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United States Court of Appeals For the Eighth Circuit ___________________________ No. 17-2661 ___________________________ Jerry Janvrin, doing business as J&J Trucking lllllllllllllllllllllPlaintiff - Appellee v. Continental Resources, Inc., an Oklahoma corporation lllllllllllllllllllllDefendant - Appellant ____________ Appeal from United States District Court for the District of South Dakota - Sioux Falls ____________ Submitted: June 13, 2018 Filed: August 20, 2019 ____________ Before WOLLMAN, ARNOLD, and KELLY, Circuit Judges. ____________ WOLLMAN, Circuit Judge. A jury determined that Continental Resources, Inc. (Continental), had tortiously interfered with the business relationship between Jerry Janvrin and CTAP, LLC (CTAP). Continental appeals, challenging the sufficiency of evidence at trial, the amount of damages awarded, and the district court’s1 instruction to the jury regarding improper interference. We affirm. I. At the time of trial in January 2017, Jerry Janvrin was a hired hand and overseer of unit operations at the Jim Clarkson ranch some seventeen miles north of Buffalo, Harding County, South Dakota, where he also raised sheep. In years past, he had done aerial depredation work exterminating coyotes and fox under a countyfunded, state-sponsored depredation program in addition to his work as a ranch hand. He learned about the oil business from others knowledgeable in the industry and in 2010 organized J&J Trucking to haul materials for oil equipment suppliers on an asneeded basis. Roughly 96% of J&J’s income came from CTAP, an equipment supplier having several supply terminals, including one in Bowman, North Dakota, in the Bakken region, which comprises South Dakota, North Dakota, Montana, and parts of southern Canada. Janvrin himself did not hold a commercial drivers license, and so as an independent contractor he employed others to drive the trucks for J&J Trucking. He testified that most of those he hired, some 29 in total, were local ranchers, attesting to their reliability and punctuality in meeting their schedules. He also acknowledged on cross-examination that he had fired one of his drivers after receiving a complaint about her from CTAP, saying, “I had a mandatory three strikes and you are out, and the third time that happened it was done for,” referring to other documented circumstances regarding that driver. 1 The Honorable Karen E. Schreier, United States District Judge for the District of South Dakota. -2- Continental, a top-10 oil producer in the United States and the largest leaseholder in the Bakken region, was CTAP’s largest customer in that region from 2010 to 2014.2 It accounted for roughly 60% of CTAP’s business from the Bowman terminal, which served Continental’s “Buffalo District,” located in the northwest part of Harding County. Gordon Carlson supervises this district from Continental’s field office in Harding County, which is located on South Hills Cave Road, a paved road surrounded by open range where local ranchers graze their animals. Although Janvrin’s company hauled almost exclusively out of the Bowman terminal, less than 1% of Janvrin’s work for CTAP involved hauling to the Buffalo District. During a February 2014 blizzard, a Continental pick-up truck driver struck and killed two cows belonging to Janvrin’s relatives that were standing on South Hills Cave Road. His relatives told Janvrin about the accident and contacted the local newspaper. Janvrin testified that, concerned that many drivers were going too fast for the rural road conditions and recalling that he had lost several sheep on that road in the past, he also called the local newspaper, which published an article about the cow-truck collision and paraphrased his remarks. Though Janvrin’s comments made no mention of Continental or its drivers, Carlson read the article and thought Janvrin was “biting the hand that feeds him” by “pointing the finger at Continental as the cause of the accident.” Carlson testified that because of the “disrespectful” comments and because of previous incidents in which Janvrin allegedly visited Continental’s well locations without proper safety equipment, Carlson contacted his superiors to request that Janvrin no longer haul materials to Continental’s Buffalo District sites. He spoke with the senior engineer in charge of the Buffalo District, who in turn spoke with Ollis Anderson, Continental’s Director of Supply Chain Management, located in Oklahoma City, 2 About Us, Continental Resources, http://www.clr.com/about (last visited Mar. 22, 2019). -3- Oklahoma, purportedly to ask that Continental prohibit Janvrin from delivering to its well locations in the Buffalo District. Director Anderson called Michael “Stoney” McCarrell, Senior Vice-President of Operations at CTAP’s headquarters in Lafayette, Colorado. The two had a longstanding professional relationship and had gone hunting in the past. Shortly after the call, McCarrell spoke to Ron Spidahl, the supervisor responsible for assigning independent drivers to CTAP’s deliveries from the Bowman terminal. McCarrell asked if Spidahl would have enough trucks for deliveries if they removed Janvrin from their “lineup” of drivers. After Spidahl affirmed that they would, McCarrell responded, “We are not going to use [Janvrin] anymore. [He is] not going to haul for me.” Spidahl asked why, and McCarrell replied, “It doesn’t make a difference what happened. When I get a call from the big guy—.” Spidahl understood “big guy” to mean Ollis Anderson, and thereafter called Janvrin to inform him that he had been removed from the Bowman terminal lineup. Janvrin testified that he received the call on the evening of February 19, 2014, hours after his published remarks in the local newspaper had been distributed. Carlson testified that he learned about CTAP’s decision to completely remove Janvrin from its lineup approximately one week later. Director Anderson testified that, upon his inquiry in a later phone call, Senior Vice President McCarrell confirmed that Janvrin was no longer hauling from the Bowman terminal. Anderson testified that he had not asked McCarrell to return Janvrin to the lineup. Around that time, a Continental employee told one of Janvrin’s truckers—a former Continental employee—that he had overheard Carlson bragging that he had shut down a trucking firm. Janvrin filed a tortious interference claim in state court, alleging that Continental had induced or otherwise pressured CTAP to end its business relationship with J&J in retaliation for Janvrin’s newspaper comment. Continental removed the -4- case to federal district court based on diversity jurisdiction. See 28 U.S.C. § 1441(a). The case proceeded to trial, at which the district court instructed the jury that Continental had the right to refuse to do business with Janvrin, but that it could not interfere with Janvrin and CTAP’s business relationship. The jury returned a verdict for Janvrin, awarding him $123,669 in compensatory damages and $123,669 in punitive damages. The district court denied Continental’s motions for judgment as a matter of law and its motion for a new trial. II. A. Continental argues that the district court erred in denying its motions for judgment as a matter of law. It claims that the evidence presented at trial was insufficient to support the jury’s verdict that Continental had tortiously interfered with the Janvrin-CTAP business relationship. We review de novo the denial of a motion for judgment as a matter of law, and we may affirm on any basis the record supports. HOK Sport, Inc. v. FC Des Moines, L.C., 495 F.3d 927, 934 (8th Cir. 2007). We will set aside a jury verdict only if “the evidence adduced at trial is entirely insufficient to support the verdict.” Schooley v. Orkin Extermination, Co., 502 F.3d 759, 764 (8th Cir. 2007). We “consider all evidence in the record without weighing credibility, and resolve conflicts and make all reasonable inferences in favor of the non-moving party.” Id. A reasonable inference is one that “may be drawn from the evidence without resort to speculation.” Id. (quoting Arabian Agric. Servs. Co. v. Chief Indus., Inc., 309 F.3d 479, 482 (8th Cir. 2002)). A plaintiff alleging tortious interference with a business relationship under South Dakota law must show (1) the existence of a valid business relationship or expectancy; (2) knowledge by the interferer of the relationship or expectancy; (3) an -5- intentional and improper act of interference by the interferer; (4) proof that the interference caused the harm sustained; and (5) damage to the party whose relationship or expectancy was disrupted. See Dykstra v. Page Holding Co., 766 N.W.2d 491, 499 (S.D. 2009); Gruhlke v. Sioux Empire Fed. Credit Union, Inc., 756 N.W.2d 399, 408 (S.D. 2008). Continental argues that Janvrin failed to prove the final three elements. Continental contends that any interference with the Janvrin-CTAP business relationship was neither intentional nor improper. South Dakota courts follow the Restatement (Second) of Torts (1979), see Gruhlke, 756 N.W.2d at 406, which defines an act of interference as intentional “if the actor desires to bring it about or if he knows that the interference is certain or substantially certain to occur as a result of his action.” Restatement (Second) of Torts § 766B cmt. d. Continental argues that any interference was not intentional because the evidence shows that it asked CTAP to stop using Janvrin to haul to Continental’s well sites, and that CTAP thereafter decided of its own volition to remove Janvrin from its trucking lineup to avoid confusion at the Bowman terminal. We conclude that when viewed most favorably to the jury’s verdict, the evidence is sufficient to support a conclusion that Continental acted with intent to interfere in the Janvrin-CTAP business relationship, either by desiring to bring the interference about or knowing that the interference was substantially certain to occur. Anderson testified that he had requested that Janvrin be prohibited from delivering to Continental sites in the Buffalo District. McCarrell testified that Anderson had asked him to stop using Janvrin to deliver to Continental sites from the Bowman terminal. Spidahl testified, however, that McCarrell had instructed him to remove Janvrin from the Bowman lineup entirely because he had received a call from Anderson—the “big guy.” A reasonable jury could reject Anderson and McCarrell’s conflicting testimony and instead infer from Spidahl’s testimony that McCarrell had removed Janvrin at Anderson’s request. The jury could have reasonably inferred that -6- Continental knew CTAP was substantially certain to heed its request, owing both to Anderson and McCarrell’s long-standing personal and professional relationship and to Continental’s status as CTAP’s largest customer in the Bakken region. Evidence that Carlson bragged about shutting down a trucking company supports an inference that Continental desired to interrupt the Janvrin-CTAP business relationship. That Continental and CTAP ignored Janvrin’s post-termination inquiries bolsters these inferences: Spidahl told Janvrin that he had no information on the termination; Carlson neither answered nor returned Janvrin’s calls; and two other Continental employees lacked information and failed to follow up despite Janvrin’s request that they do so. Neither company responded to a letter sent on Janvrin’s behalf by an attorney with connections to the Buffalo area. Collectively, this evidence, although not overwhelming, was sufficient to allow the jury to conclude that Continental either desired to bring about interference or knew that such interference was substantially certain to occur. Continental also disputes the jury’s determination that its interference was improper. Whether interference is improper “depends upon a judgment and choice of values in each situation.” Restatement (Second) of Torts § 767 cmt. b. A nonexhaustive list of factors to be considered includes (a) the nature of the actor’s conduct, (b) the actor’s motive, (c) the interests of the other with which the actor’s conduct interferes, (d) the interests sought to be advanced by the actor, (e) the societal interests in protecting the freedom of action of the actor and the contractual interests of the other, (f) the proximity or remoteness of the actor’s conduct to the interference, and (g) the relations between the parties. See Dykstra, 766 N.W.2d at 499-500; see also Restatement (Second) of Torts § 767. In considering the nature of the actor’s conduct and the actor’s motive, the actor’s intent, discussed above, will likely factor into whether its conduct was improper. While the Restatement cautions that intent alone “may not be sufficient to make the interference improper,” it also instructs that “it may become very important to ascertain whether the actor was motivated, in whole or in part, by a desire to interfere with the other’s contractual relations,” as such a -7- motive “to injure another or to vent one’s ill will on him serves no socially useful purpose” and “is almost certain to be held improper.” Restatement (Second) of Torts § 767 cmt. d. We conclude that sufficient evidence existed to permit the jury to find that Continental’s interference was improper. Testimony of a tense relationship between Continental and Janvrin’s family members that predated the February 2014 cow-truck accident, combined with Janvrin’s testimony that he was dropped from CTAP’s lineup the same day his comments on the accident were published, supports an inference that Continental’s motive was retaliatory. The dearth of documented safety violations and complaints involving Janvrin prior to his termination further bolsters such an inference. The jury could have reasonably concluded that Continental acted to injure another or to vent its ill will; that, prompted by Carlson’s pique at what he considered to be Janvrin’s ungrateful comments, Continental’s management team decided to rid itself of this troublesome trucker, and that its conduct in doing so led to Janvrin’s banishment from the Bowman terminal. Continental argues with some vehemence that it had an absolute right to exclude Janvrin from its property and to refuse to accept his services, and that “there is no liability for procuring a breach of contract where such breach is caused by the exercise of an absolute right.” Johnson v. Schmitt, 309 N.W.2d 838, 840 (S.D. 1981) (quoting defendant’s proposed jury instruction). Indeed, Continental could have, “deliberately and at [its] pleasure,” refused to deal with Janvrin. Restatement (Second) of Torts § 766 cmt. b. But the jury determined that it did more than that, that it either explicitly or implicitly asked CTAP to terminate Janvrin’s services altogether. Continental had no absolute right to do that. It is this fact that distinguishes our case from DBI Services, Inc. v. Amerada Hess Corp., 907 F.2d 506 (5th Cir. 1990), a case on which Continental relies. There, oil producer Amerada Hess had learned that trucking service DBI “had engaged in -8- lavish entertainment of certain local Amerada Hess employees with responsibility for awarding work to vendors on Amerada Hess’s wells.” Id. at 507. Amerada Hess subsequently ceased all dealings with DBI and refused to enter into contracts with bidders who utilized DBI’s services. The Fifth Circuit determined that it had not improperly interfered with DBI’s contracts with third parties because it had merely exercised its common law right to refuse to do business with DBI. Id. at 509. The court explained that it was “undisputed” that “Amerada Hess refused only to allow DBI to provide water or services on Amerada Hess projects” and that “[i]t never demanded that contractors refrain from dealing with DBI in other matters.” Id. Here, it was disputed whether Continental asked CTAP stop using Janvrin for delivery to Continental sites, or whether it asked CTAP to refrain from dealing with Janvrin altogether. In concluding that Continental interfered with Janvrin and CTAP’s business relationship, the jury determined that the latter occurred. Continental also contends that Janvrin failed to prove that it was the legal cause of his injuries. Evidence establishing that Janvrin’s business relationship with CTAP would have continued but for Continental’s conduct is sufficient to prove this element of tortious interference. See St. Onge Livestock Co. v. Curtis, 650 N.W.2d 537, 542 (S.D. 2002). Although Continental argues that McCarrell unilaterally decided to remove Janvrin from CTAP’s lineup, McCarrell testified that he would not have removed Janvrin if he had not received Anderson’s call. Both McCarrell and Spidahl also testified that, according to their knowledge, CTAP had never received a complaint about the quality of Janvrin’s trucking service. The jury could thus reasonably conclude that Janvrin would have realized continuing income by remaining in CTAP’s lineup but for Continental’s conduct. Continental further argues that Janvrin’s damages claims were not supported by the evidence because his claims for lost income included depreciation and expense deductions. South Dakota follows the “reasonable certainty test” for proving damages, which requires “proof of a rational basis for measuring loss, without -9- allowing a jury to speculate.” Lord v. Hy-Vee Food Stores, 720 N.W.2d 443, 454 (S.D. 2006); see also Cedar v. Johnson, 921 N.W.2d 178, 183-84 (S.D. 2018) (stating that although uncertainty as to the fact of damages is fatal to recovery, uncertainty as to the amount, if merited, is not). Janvrin used his 2012 and 2013 tax return information to explain the value of depreciation for his trucks and the expenses he incurred after J&J lost CTAP’s business. The jury was permitted to weigh the credibility of the evidence and award the compensatory damages as it did. See Brenden v. Anderson, 327 N.W.2d 136, 139 (S.D. 1982) (holding that juries may use tax returns in part to “mold their damages remedy”). Substantial evidence also supports the jury’s award of punitive damages. “Malice is an essential element of a claim for punitive damages” in South Dakota. Dahl v. Sittner, 474 N.W.2d 897, 900 (S.D. 1991). Malice may be shown by, inter alia, a “desire and intention to injure another” (actual malice) or by the conduct of a person who “acts willfully or wantonly to the injury of the other” (presumed, legal malice). Id. As recounted above, Carlson took offense at Janvrin’s newspaper comment. As a result, Continental caused CTAP to remove Janvrin from its Bowman terminal lineup. Thereafter, Carlson boasted about putting Janvrin out of business. Although Continental disputes this characterization of the evidence, a jury could reasonably infer that Continental acted willfully when it caused injury to Janvrin’s business and Janvrin’s relationship with CTAP. Continental alternatively argues that the district court erred in denying its motion for a new trial, alleging the same grounds asserted in its appeal from the denial of its motion for judgment as a matter of law. For the reasons discussed above, we conclude that the district court did not abuse its discretion in denying Continental’s motion for a new trial. See Peerless Corp. v. United States, 185 F.3d 922, 927 (8th Cir. 1999) (“A district court’s denial of a motion for new trial is virtually unassailable when the verdict is claimed to be against the weight of the evidence. . . . [W]e reverse for a clear abuse of discretion only where there is an -10- absolute absence of evidence to support the jury’s verdict.” (internal quotation marks and citations omitted)). B. Continental contends that the district court erred when instructing the jury on improper interference. We review a district court’s jury instruction for abuse of discretion, but we review de novo whether the district court correctly interpreted the state law within the instruction. Arkwright Mut. Ins. Co. v. Gwinner Oil, Inc., 125 F.3d 1176, 1180 (8th Cir. 1997). “It is well established that a party is entitled to have the jury instructed on its theories if the proposed instructions are correct statements of the law and supported by the evidence.” Id. The district court, however, “has broad discretion in choosing the form and the language of the instructions.” Id. There is no reversible error if the instructions, taken as a whole, “fairly and adequately represent the evidence and applicable law in light of the issues presented to the jury in a particular case.” Linden v. CNH Am., LLC, 673 F.3d 829, 836 (8th Cir. 2012) (quoting McCoy v. Augusta Fiberglass Coatings, Inc., 593 F.3d 737, 744 (8th Cir. 2010)). Continental contends that the district court’s jury instruction confused and misled the jury because it placed a condition on Continental’s ability to exercise its rights. The contested instruction stated in pertinent part: 1. 2. Continental Resources has the right to refuse to do business with Jerry Janvrin and to exclude Janvrin from its property. But Continental Resources cannot improperly interfere with Jerry Janvrin’s business interest with CTAP. Continental stresses that it must be permitted to exercise its rights even if doing so happens to affect a third-party relationship. It contends that the district court should -11- have instructed the jury that it had the “absolute right” both to exclude Janvrin from its property and to refuse to deal with Janvrin, that “[t]he mere exercise of this right cannot constitute tortious interference,” and that “there is no liability for procuring a breach of contract where such breach is caused by the exercise of an absolute right.” We conclude that the district court’s instruction was proper, turning as it does on the difference between the Janvrin-Continental relationship and the Janvrin-CTAP relationship. The instruction recognizes Continental’s right to refuse to do business with Janvrin and at the same time precludes Continental from interfering with the third-party Janvrin-CTAP relationship, as to do so would exceed the mere exercise of its rights. See, e.g., Table Steaks v. First Premier Bank, N.A., 650 N.W.2d 829, 837 (S.D. 2002) (holding that a defendant may be found liable after asserting a right if the act prevented the plaintiff from entering into new agreements with third parties). This is an accurate statement of South Dakota law and the Restatement on which it is based, which states that “[t]here is no general duty to do business with all who offer their services, wares or patronage; but there is a general duty not to interfere intentionally with another’s reasonable business expectancies of trade with third persons . . . unless the interference is not improper under the circumstances.” Restatement (Second) of Torts § 766 cmt. b; see also Tibke v. McDougall, 479 N.W.2d 898, 908 (S.D. 1992). Thus, in viewing the instruction as a whole and in applying the law to the issues presented to the jury, we conclude that the district court did not err in instructing the jury as it did. The judgment is affirmed. Janvrin’s motion to strike a portion of Continental’s reply brief is denied as moot. ______________________________ -12-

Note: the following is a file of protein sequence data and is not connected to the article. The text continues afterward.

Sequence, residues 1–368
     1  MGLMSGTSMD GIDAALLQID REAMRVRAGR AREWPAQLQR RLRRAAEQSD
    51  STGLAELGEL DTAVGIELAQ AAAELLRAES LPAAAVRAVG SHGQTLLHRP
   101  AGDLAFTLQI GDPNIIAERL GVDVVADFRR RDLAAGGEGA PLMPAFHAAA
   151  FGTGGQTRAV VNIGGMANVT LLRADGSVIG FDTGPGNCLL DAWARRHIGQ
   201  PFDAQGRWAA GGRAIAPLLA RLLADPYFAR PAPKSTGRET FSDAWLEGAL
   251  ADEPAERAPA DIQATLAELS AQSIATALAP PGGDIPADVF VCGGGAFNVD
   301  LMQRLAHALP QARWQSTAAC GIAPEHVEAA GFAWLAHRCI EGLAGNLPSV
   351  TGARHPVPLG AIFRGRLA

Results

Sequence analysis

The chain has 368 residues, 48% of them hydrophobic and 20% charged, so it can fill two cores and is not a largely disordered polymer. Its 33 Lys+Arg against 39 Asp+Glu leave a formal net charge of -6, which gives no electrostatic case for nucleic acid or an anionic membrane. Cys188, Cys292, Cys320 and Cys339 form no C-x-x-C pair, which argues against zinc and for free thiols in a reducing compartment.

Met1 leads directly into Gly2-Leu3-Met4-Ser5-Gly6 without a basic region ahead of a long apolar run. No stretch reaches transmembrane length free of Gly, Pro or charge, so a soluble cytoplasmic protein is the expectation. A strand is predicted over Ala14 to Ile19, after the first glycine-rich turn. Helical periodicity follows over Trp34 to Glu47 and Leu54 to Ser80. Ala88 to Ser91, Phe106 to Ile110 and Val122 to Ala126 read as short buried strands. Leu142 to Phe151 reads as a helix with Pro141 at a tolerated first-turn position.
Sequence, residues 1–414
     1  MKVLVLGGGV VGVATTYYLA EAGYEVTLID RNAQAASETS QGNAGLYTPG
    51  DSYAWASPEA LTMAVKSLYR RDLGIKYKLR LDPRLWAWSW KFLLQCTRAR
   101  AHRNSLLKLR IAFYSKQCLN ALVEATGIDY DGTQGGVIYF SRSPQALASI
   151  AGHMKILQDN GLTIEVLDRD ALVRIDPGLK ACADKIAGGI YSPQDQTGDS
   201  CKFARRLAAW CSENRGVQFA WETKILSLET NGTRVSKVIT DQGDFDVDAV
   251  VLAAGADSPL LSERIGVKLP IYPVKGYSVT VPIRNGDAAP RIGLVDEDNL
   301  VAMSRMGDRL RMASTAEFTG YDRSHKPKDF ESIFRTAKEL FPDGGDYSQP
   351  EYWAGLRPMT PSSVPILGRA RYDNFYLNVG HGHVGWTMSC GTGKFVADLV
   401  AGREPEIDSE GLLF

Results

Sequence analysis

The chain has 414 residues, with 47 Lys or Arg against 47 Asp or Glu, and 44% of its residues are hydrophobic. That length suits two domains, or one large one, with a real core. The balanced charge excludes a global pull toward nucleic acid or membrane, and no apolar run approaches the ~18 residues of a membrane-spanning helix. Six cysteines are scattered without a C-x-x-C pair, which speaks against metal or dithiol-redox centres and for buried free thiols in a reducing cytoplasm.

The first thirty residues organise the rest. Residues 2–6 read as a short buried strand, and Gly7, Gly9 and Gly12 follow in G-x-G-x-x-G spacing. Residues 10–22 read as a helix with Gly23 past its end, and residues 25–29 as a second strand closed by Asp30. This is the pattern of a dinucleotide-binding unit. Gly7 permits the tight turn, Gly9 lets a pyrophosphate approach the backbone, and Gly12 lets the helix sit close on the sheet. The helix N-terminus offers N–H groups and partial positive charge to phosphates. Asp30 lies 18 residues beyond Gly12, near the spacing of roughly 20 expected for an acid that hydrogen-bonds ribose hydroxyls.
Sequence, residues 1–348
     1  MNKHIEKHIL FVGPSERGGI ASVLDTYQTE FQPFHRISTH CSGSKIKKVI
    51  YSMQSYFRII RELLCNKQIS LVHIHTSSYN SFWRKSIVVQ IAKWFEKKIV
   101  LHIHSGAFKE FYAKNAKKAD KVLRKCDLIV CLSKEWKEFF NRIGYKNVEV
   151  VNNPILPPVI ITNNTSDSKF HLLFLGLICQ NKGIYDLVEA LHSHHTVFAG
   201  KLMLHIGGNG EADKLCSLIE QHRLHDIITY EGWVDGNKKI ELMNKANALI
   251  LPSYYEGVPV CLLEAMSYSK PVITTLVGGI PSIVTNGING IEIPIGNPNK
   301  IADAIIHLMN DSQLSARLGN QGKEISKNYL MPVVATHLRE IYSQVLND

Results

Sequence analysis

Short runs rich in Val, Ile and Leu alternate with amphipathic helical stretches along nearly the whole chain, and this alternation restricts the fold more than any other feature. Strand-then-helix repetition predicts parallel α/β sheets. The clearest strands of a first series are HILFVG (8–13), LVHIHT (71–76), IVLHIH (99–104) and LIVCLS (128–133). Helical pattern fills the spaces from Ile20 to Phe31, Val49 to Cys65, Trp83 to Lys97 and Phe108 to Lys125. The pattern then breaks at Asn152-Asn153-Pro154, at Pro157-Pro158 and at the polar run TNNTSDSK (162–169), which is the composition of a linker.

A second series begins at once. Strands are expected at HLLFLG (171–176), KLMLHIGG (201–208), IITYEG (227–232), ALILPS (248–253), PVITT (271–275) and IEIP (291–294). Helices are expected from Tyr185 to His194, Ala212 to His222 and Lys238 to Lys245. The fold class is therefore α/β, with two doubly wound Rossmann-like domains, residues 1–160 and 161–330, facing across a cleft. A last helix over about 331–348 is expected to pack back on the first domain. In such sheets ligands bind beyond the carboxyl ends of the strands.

Primary Holding
The evidence was sufficient to support a conclusion that Continental acted with intent to interfere in the plaintiff-CTAP business relationship, either by desiring to bring the interference about or knowing that the interference was substantially certain to occur.